Domestic Workers in UAE to be Secured by Tighter Employment Laws
Domestic workers will be assured of greater protection as their employment will soon be regulated by the Ministry of Human Resources and Emiratisation.
The new procedure will begin in Dubai in early 2017, and be expanded to the rest of the country by the summer, it was announced.
“When this Cabinet decision takes effect, we expect the ministry to release the implementing rules and regulations in the next few days,” said Constancio Vingno Jr, the Philippine ambassador to the UAE. “My understanding is that in principle, domestic workers will be treated equally, like skilled workers and professionals.”
At the moment, household staff such as maids, nannies, gardeners, cooks or drivers, fall under the purview of the Ministry of Interior, and are not protected by laws enforced by the Ministry of Human Resources and Emiratisation (MHRE), formerly known as the Ministry of Labour.
Last May, MHRE and the Philippines’ labour undersecretary discussed the problems faced by domestic workers at the Abu Dhabi Dialogue event.
“This may be the offshoot of their discussions,” Mr Vingno said. “It’s a welcome development as they have been studying the problem and addressed the concerns of the domestic workforce. Contract substitution will soon be a thing of the past.”
Contract substitution happens when a second, inferior, labour contract to the signed original is presented to a worker, either before leaving her home country or after arriving in the UAE.
Employers and recruitment agencies were upbeat about the new procedure, but raised a number of concerns.
“It’s good news but will it mean higher recruitment fees?” said Issam Al Khalifi, 40, an Emirati who employs a Filipina nanny to take care of her three children, aged 6, 5 and 1.
“We hope that the processing of contracts will be faster.”
Another employer Sarah Abo, 39, an accountant from Sudan, said people should treat their maids with respect, while maids should be aware of their rights as well as their responsibilities.
“It’s better that the contract will clearly define the rights and obligation of each party,” she said.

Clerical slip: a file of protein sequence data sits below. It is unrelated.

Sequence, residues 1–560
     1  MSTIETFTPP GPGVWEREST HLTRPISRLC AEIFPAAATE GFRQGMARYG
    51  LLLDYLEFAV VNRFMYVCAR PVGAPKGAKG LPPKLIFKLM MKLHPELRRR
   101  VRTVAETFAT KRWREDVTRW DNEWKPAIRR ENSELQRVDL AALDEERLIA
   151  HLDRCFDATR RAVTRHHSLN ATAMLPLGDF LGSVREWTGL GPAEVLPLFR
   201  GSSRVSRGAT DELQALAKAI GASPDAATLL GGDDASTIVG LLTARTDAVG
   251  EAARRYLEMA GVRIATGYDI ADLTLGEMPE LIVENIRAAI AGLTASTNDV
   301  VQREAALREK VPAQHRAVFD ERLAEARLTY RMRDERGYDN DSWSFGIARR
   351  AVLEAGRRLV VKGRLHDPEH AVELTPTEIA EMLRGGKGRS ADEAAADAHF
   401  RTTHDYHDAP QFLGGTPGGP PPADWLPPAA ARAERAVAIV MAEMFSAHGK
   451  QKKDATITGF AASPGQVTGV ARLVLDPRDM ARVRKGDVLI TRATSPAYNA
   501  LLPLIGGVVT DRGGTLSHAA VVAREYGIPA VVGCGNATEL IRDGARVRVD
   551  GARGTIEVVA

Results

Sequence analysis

“I know that the UAE Government is doing its best to further protect rights of domestic workers and all categories in the community.”
A Filipina who runs a recruitment agency in Dubai said she hoped the new procedure would result in the lifting of the temporary suspension of the hiring of domestic workers to the UAE.
“We’ve not been able to hire household service workers from the Philippines for more than two years so we’re hoping we can start recruiting by the first quarter,” said the 52-year-old. “We hope that issues will be resolved soon.”
The Philippine overseas labour offices in the UAE stopped verifying contracts for domestic workers in 2014 after a new standard contract produced by the Ministry took effect on June 1 of the same year.
The MHRA mandate may pave the way for the lifting of the temporary suspension of the Philippines’ role in verifying and attesting contracts to permit domestic staff to work in the UAE.
“That’s for our Department of Labour and Employment officials to decide if the terms are acceptable,” Mr Vingno said. “The basic requirements have to be met: $400 minimum monthly wage, non-retention of a worker’s passport by the employer, and weekly time off.”
Before the standard contract was introduced, employers were required to ratify staff contracts at the Philippine embassy, enabling it to keep a record of Filipino nationals working in the UAE and ensure their rights as workers were being met.
Once the contract was ratified, the Philippine overseas labour office would issue a letter of verification, permitting the domestic staff to travel to the UAE.
But the Philippine government refused to approve the new standard contract, which means domestic staff hoping to work in the UAE cannot legally leave the Philippines.
UAE-based agencies accredited with the Philippine overseas labour offices in Abu Dhabi and Dubai normally charge up to Dh7,500 in fees, inclusive of air tickets.
Recruiters have alleged that the temporary suspension of maid deployment has resulted in a black market for maids, with employers willing to pay AED 20,000 to AED 25,000 in fees to bring a maid to the UAE.
Mr Al Khalifi, who paid Dh9,000 to an agency in Al Ain, said many sponsors were forced to pay double.
With the new procedure, UAE recruitment agencies will now be able to operate and have a counterpart agency in Manila, Mr Vingno said.
“A partnership between the recruitment agencies here and in the Philippines will ensure workers are adequately protected,” he said.
“When we see the fine print, we’ll have a better understanding of the UAE government’s move.”